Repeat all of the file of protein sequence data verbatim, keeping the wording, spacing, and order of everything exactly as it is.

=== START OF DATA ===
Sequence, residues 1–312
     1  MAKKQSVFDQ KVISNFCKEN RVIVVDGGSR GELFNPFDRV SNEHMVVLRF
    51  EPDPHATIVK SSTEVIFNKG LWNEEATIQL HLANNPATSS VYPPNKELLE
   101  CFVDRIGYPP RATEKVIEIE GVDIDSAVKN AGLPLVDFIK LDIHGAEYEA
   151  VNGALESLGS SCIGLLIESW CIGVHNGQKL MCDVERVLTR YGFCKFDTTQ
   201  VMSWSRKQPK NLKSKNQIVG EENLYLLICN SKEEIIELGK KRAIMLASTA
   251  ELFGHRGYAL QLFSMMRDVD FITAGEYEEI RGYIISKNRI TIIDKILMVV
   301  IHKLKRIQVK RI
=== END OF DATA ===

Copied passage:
Sequence, residues 1–312
     1  MAKKQSVFDQ KVISNFCKEN RVIVVDGGSR GELFNPFDRV SNEHMVVLRF
    51  EPDPHATIVK SSTEVIFNKG LWNEEATIQL HLANNPATSS VYPPNKELLE
   101  CFVDRIGYPP RATEKVIEIE GVDIDSAVKN AGLPLVDFIK LDIHGAEYEA
   151  VNGALESLGS SCIGLLIESW CIGVHNGQKL MCDVERVLTR YGFCKFDTTQ
   201  VMSWSRKQPK NLKSKNQIVG EENLYLLICN SKEEIIELGK KRAIMLASTA
   251  ELFGHRGYAL QLFSMMRDVD FITAGEYEEI RGYIISKNRI TIIDKILMVV
   301  IHKLKRIQVK RI